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Susan indie film

Directed by: Mahmoud Shoolizadeh

Starring: Jennifer Preston, Mitchell Thornton and Holly Lawton

Short Film Review by: Annie Vincent


Susan film review

Susan: a kind, thoughtful woman who loses everything, is placed in the worst circumstances anyone can imagine, has her life fall down around her completely and still finds a way to carry on. When a ‘rising from the ashes’ family drama is dangled in front of me, I am hopeful. Aren’t we all? Dramas are great, even if they cost you a box of tissues and some hideously puffy eyes. Sadly, what this film delivered was far from ‘great’.

From the outset, Susan is a self-indulgent film that spends far too much time trying to ‘tell’ its audience what is happening, rather than show them. In the opening sequence we meet Susan, travelling through London in a cab, scrolling through photos of her husband who, she tells us in voice over, has died on duty in Afghanistan. This could have been such a moving montage, but instead it was repetitive, cliché and insincere, particularly as the actress, Preston, began every sentence in this sequence with a whining ‘oh’ and a big sigh, reminiscent of Juliet up on her balcony in Act 2, Scene 2 of Shakespeare’s play. She seemed disappointed rather than distraught. Sadly, rather than let us move on from the slightly hollow opening, we had to continue enduring it through a ten-minute montage of Susan, her husband Paul and their daughter Lisa playing in a park without much sound and in slow motion. It was painstaking and added absolutely nothing to the audience’s understanding of the family dynamic. Yes, when a character is grieving we expect glossy, rose-tinted memories with soft edges and a slightly yellow glow, and the cameraman delivered this perfectly, but the same memory, for nearly ten minutes?!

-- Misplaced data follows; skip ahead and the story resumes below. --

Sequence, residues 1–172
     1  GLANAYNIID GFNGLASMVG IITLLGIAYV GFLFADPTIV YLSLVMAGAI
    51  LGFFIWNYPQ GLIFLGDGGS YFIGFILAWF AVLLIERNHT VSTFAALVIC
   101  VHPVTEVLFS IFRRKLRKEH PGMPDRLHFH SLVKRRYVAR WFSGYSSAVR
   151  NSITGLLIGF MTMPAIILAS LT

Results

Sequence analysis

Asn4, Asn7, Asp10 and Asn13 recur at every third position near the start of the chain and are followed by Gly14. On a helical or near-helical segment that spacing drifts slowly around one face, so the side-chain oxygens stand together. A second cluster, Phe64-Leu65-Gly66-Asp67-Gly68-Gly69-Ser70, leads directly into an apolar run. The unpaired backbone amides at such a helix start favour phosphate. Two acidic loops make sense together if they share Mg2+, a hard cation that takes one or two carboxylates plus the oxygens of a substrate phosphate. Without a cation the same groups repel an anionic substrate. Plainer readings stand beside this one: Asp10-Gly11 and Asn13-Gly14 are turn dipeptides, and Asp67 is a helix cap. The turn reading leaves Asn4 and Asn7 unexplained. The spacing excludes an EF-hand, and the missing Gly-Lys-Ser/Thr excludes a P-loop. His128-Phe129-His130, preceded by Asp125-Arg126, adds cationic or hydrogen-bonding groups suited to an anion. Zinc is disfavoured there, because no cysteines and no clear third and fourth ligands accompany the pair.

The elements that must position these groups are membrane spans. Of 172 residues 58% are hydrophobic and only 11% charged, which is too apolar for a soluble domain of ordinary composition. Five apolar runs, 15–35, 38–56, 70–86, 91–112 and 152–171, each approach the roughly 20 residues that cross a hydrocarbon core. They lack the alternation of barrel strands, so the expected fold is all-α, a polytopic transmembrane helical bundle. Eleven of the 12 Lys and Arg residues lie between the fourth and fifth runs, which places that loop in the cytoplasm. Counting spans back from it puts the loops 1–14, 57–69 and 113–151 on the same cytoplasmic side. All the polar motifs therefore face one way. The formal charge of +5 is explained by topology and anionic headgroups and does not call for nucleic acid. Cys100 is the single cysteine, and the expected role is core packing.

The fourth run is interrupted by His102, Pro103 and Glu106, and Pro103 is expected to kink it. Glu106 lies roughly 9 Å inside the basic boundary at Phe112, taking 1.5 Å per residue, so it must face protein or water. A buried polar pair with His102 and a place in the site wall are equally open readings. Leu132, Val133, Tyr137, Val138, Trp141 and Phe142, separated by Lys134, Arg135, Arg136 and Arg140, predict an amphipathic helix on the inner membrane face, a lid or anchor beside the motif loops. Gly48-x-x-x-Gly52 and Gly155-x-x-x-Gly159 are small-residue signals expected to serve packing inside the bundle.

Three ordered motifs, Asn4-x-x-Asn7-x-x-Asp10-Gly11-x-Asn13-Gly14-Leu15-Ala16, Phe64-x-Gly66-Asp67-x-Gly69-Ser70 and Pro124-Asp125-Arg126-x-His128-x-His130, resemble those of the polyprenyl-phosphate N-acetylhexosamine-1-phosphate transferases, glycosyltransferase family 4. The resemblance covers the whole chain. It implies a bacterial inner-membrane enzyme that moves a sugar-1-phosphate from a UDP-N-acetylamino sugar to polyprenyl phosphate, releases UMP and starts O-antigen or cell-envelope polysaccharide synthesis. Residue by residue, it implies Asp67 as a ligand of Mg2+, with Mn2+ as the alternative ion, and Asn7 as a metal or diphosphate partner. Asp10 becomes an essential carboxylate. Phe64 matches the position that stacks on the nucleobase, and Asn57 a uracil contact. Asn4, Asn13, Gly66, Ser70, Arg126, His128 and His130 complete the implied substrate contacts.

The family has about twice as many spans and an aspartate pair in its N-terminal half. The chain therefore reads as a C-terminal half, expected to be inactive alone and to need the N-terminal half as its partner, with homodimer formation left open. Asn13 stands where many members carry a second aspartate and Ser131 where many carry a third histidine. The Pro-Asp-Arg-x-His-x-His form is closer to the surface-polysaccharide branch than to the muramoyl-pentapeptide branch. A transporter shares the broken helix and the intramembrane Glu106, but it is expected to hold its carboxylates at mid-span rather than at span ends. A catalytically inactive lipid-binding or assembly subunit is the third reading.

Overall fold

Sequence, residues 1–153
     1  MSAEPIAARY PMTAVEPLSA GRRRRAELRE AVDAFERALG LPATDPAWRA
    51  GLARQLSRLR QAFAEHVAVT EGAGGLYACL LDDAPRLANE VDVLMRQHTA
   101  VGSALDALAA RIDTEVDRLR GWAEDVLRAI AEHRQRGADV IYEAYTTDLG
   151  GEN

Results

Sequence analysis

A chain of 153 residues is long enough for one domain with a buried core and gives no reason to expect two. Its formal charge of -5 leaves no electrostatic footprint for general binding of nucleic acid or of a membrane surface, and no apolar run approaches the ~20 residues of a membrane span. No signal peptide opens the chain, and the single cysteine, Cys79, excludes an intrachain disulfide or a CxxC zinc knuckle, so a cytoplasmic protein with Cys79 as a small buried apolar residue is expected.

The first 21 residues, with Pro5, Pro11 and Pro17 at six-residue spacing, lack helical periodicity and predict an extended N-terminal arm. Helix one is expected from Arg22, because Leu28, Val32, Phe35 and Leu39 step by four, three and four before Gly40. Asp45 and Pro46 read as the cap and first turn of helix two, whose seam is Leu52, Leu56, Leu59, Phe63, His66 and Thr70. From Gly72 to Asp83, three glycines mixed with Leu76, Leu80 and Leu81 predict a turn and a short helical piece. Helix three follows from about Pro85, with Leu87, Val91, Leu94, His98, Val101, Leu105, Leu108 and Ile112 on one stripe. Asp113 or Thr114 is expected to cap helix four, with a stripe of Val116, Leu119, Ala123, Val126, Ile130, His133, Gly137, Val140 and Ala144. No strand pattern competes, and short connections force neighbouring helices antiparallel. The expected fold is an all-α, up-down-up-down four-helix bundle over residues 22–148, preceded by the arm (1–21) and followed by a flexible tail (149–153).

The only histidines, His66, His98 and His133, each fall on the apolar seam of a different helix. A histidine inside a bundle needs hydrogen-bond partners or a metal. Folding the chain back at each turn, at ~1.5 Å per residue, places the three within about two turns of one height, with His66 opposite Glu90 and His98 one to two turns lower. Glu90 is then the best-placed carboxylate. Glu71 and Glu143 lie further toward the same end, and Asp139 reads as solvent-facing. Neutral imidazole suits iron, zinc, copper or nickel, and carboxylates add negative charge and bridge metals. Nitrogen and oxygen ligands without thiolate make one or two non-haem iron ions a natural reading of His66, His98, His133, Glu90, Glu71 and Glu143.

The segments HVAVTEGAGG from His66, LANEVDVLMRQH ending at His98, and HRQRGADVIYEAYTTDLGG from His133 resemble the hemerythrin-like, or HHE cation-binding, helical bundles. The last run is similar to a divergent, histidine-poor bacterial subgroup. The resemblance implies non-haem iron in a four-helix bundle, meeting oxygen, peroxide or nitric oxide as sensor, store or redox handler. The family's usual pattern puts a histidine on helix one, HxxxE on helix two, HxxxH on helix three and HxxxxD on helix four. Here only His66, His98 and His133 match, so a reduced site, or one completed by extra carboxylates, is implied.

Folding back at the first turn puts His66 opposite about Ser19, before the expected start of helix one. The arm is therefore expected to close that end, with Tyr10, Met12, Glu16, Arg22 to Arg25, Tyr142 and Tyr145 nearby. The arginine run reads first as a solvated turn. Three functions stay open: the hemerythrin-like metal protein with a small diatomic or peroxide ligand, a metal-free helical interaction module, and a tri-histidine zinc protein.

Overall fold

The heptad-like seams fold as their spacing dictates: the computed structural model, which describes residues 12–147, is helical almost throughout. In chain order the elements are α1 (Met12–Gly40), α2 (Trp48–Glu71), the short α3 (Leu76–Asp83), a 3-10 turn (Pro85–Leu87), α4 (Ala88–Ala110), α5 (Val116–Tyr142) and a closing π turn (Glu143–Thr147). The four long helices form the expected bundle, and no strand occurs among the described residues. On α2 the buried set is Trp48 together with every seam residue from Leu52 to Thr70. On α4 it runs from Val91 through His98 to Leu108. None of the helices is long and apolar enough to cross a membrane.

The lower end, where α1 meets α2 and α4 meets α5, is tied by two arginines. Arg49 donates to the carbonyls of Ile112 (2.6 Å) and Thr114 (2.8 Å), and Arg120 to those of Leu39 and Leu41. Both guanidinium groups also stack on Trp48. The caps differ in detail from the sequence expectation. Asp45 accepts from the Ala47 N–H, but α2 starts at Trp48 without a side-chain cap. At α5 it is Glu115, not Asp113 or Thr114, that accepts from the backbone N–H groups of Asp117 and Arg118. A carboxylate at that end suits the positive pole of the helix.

Things don't get better as Susan is subjected to artificial sympathy from a friend who spends her time trying to convert her to Christianity: if Susan’s tragedy doesn’t move audiences, her vapid and selfish friend will. Then, when made even more vulnerable by a second tragedy (the implausible nature of some of the plot details will be covered shortly), Susan does turn to God, venting her anger at him in the local church and is, again unsympathetically, counselled by the vicar who tells her that the perpetrator of her sorrow didn’t mean it! The scripting isn’t just bad, it is incredibly frustrating and the acting suffers because of it: no one can really feel their character emotions or motivations because they must deliver these vacuous lines.

The plot doesn’t ever redeem itself as a series of highly improbable and poorly researched circumstances occur to, at first, save Susan, then devastate her again, before finally putting her on the right path in the dying seconds of the film.

Slating films isn’t enjoyable but some fundamentals have been missed here and it creates a frustrating and hollow viewing experience. The obvious technical competence of the filmmakers is lost to poor plotting and sequences, inane scripting and some self-indulgent photography which extends the film to feature length, when it really shouldn’t be.


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